While it’s not an entirely new concept, Information Architecture (IA), is the newest buzz phrase circulating web development agencies. While generally used in tandem with UX and web development, IA is more multi-faceted than that. IA principles can be used across the board, any time users are interacting with a product or brand experience – from websites to print to the products themselves. But what is Information Architecture?
Defining Information Architecture
Peter Morville, a “founding father” of IA, or more aptly, one of the first professionals to recognize the trend in information grouping defines Information Architecture as “The organization, search, and navigation systems that help people to complete tasks, find what they need, and understand what they’ve found.” (Peter Morville) In short, it’s a thought and design process that focuses on organizing, structuring, and labeling content in an effective and sustainable way. (usability.gov)
Think of a library – even if the building is beautiful, the aisles are wide, and the shelving is strong and plentiful, it all means nothing if the books are not organized in a way that allows people to find them easily. It’s the same for marketing materials and websites. It doesn’t matter if they look good; you can’t use what you can’t find or don’t understand.
IA for Website
Information architecture defines the layout and delivery of information across multiple forms of media. Commonly used in website design and development, IA outlines how information is displayed and determines the internal structure of a website. After thorough research of a product or service, its market, and target audiences, a marketer versed in IA will use basic UX theory and human psychology to determine the best way to group information, so it is easy for users to find and use.
Creating Information Structures
Grouping like-information can be done in a number of ways and should be dependent on the needs of the user and the action required by the brand. For example, the “Contact Us” page is generally uniform across all sites, but I bet you never thought about why. As users, we need a series of basic information to reach out to businesses: the phone number, email, and sometimes location.
Rather than having this information hidden within other information structures throughout the site, we pull it out, group it together, and give that set of data its own label: “Contact.” Users don’t generally notice a contact page unless its missing. Information grouping uses these kinds of user needs and expectations (known as mental modals) to determine how to best group information to make it easier to find and use.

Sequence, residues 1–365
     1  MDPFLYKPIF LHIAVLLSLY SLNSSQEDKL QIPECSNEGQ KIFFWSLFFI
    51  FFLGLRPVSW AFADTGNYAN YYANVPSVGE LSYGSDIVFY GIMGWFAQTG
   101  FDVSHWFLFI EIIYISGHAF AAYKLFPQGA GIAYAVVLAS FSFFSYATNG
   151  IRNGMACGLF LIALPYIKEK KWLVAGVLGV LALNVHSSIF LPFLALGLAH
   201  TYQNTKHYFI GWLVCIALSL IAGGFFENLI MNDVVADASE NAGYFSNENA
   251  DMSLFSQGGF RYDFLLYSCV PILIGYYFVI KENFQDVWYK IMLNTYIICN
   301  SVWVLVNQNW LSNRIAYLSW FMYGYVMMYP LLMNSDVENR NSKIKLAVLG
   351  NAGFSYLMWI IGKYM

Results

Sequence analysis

Properly labeling information is another key principle of IA. Creating navigation menus that accurately reflect the content of each page is a crucial step in helping users find important information to take action. Once information has been grouped, we use labels to clearly define that grouping structure. These labels take on various forms including menu titles, header and sub header information, and even button copy. Information and labeling strategies are based on a number of factors. We could start reviewing Gestalt’s psychology or information hierarchy, but we’ve only got five minutes, so we’ll leave that for another time. Long story short, you need to tell people what their getting into, and giving a clear header (title) is the best way to do it. It’s even more effective if those titles drive the user to a specific action desired by the business (IE – purchasing a product or submitting information.)
Print Applications for IA
Information Architecture, however, is not limited to the digital landscape. Great graphic designers use important principles in IA to design everything from flyers to invitations to catalogs. Creating a clear message and driving action is dependent on understanding the goal of the print piece and the way in which end users will interact with it. Think about a catalog for a moment – you automatically expect to see some sort of table of contents in the front, products in the middle, and some kind of index at the back.
Great designers take those basic expectations and use imagery and varying typeface to draw the eye to crucial information. They also use information grouping to ensure end users can find the information they need where they most expect it. It sounds like common sense, but there is a fine art to distilling complex information into a palatable and easy-to-understand document and it’s noticeable when it’s not done well.
If you’re interested in learning more about information architecture and how to enhance your website and print initiatives, let’s chat!
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